Let’s say you’re having a chocolate truffle or something with caramel or fruit inside — I’d recommend this interesting wine from Austria that’s a sweet wine, late harvest made from a grape called Zweigelt. You definitely want something that will match up with the sweetness of the chocolate. The pairing would change depending on the other flavors with the chocolate, if any. If you’re having a chocolate with peanuts or almonds, you might want a vin santo from Italy.
That seems counterintuitive to me. I would think you’d want a contrast in flavors — like if you have a creamy chocolate, you’d want an acidic wine.
All of these wines actually have a lot of acidity. Because they’re sweet, they need to have a lot of acidity; otherwise the wines would feel cloying and overly rich. But if you were to pair a dry red wine with chocolate, it would be a clash because the chocolate, which is so sweet, would make the wine taste even drier. You don’t want a wine that’s sweeter, you just want to match the sweetness.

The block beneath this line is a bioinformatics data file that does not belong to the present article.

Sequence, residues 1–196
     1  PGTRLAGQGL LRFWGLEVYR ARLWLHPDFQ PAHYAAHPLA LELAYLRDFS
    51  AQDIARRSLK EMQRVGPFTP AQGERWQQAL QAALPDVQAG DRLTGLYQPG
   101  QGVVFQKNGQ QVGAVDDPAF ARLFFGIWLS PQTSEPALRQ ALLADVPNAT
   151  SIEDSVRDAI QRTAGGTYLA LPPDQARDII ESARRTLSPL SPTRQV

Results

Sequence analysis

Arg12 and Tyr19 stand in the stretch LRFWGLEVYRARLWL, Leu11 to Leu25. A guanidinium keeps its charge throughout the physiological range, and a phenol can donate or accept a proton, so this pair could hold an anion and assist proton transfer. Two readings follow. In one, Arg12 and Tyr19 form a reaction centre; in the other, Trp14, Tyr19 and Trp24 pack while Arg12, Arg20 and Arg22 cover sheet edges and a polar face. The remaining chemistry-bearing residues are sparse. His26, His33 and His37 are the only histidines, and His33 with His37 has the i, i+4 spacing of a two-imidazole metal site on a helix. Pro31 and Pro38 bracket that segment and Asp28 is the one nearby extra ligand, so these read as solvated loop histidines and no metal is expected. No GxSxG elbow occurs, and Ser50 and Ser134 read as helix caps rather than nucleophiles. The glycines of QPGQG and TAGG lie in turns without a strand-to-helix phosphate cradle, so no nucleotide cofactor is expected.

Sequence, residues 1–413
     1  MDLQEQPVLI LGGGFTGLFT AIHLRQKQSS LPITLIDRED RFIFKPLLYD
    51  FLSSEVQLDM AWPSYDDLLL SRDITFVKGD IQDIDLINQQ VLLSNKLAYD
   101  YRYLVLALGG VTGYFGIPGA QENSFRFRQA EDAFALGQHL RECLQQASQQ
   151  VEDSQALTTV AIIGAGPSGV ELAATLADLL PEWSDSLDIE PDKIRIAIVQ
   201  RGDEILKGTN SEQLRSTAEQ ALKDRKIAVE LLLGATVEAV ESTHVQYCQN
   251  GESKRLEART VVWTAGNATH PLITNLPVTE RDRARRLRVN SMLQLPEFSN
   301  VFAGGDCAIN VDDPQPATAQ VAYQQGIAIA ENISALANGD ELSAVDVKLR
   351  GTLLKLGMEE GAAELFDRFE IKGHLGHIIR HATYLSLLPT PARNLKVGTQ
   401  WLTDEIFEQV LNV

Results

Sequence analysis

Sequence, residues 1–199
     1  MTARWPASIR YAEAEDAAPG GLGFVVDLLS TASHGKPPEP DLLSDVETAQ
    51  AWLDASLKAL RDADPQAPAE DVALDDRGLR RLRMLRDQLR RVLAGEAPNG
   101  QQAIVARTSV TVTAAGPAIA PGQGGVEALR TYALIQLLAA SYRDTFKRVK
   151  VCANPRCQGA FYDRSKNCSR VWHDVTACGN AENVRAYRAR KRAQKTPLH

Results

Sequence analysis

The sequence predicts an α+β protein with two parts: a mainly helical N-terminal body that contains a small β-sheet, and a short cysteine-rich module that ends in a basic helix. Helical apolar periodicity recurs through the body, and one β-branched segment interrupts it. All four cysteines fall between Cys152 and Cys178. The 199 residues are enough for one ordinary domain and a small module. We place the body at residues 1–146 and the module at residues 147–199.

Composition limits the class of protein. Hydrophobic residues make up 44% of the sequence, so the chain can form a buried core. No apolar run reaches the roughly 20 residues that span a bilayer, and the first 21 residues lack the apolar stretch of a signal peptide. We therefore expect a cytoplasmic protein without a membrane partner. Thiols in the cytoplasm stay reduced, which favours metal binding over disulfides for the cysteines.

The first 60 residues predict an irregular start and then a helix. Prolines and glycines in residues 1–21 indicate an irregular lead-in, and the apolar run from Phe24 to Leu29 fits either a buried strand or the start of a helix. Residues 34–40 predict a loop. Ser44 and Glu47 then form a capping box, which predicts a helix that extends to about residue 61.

Since it’s Spring, can you give us a pairing for a seasonal meal, such as roasted chicken with spring vegetables?
Chardonnay from Burgundy handles itself really well. It tends to be lighter, brighter and fresher than a California Chardonnay, for instance. That would be great with roasted chicken. For spring dishes, especially at this time of year when the sun is starting to come out and things are warming up, I’d recommend crisp, bright, more mineral-driven whites. Things like Gruner Veltliner, Albariño, etc. Sancerre can definitely be a great spring wine, especially with something like roasted asparagus. That goes really well Sauvignon Blanc.
Thank you, Dustin. We’re looking forward to seeing you at ICE soon!
Learn more about First Fridays at ICE.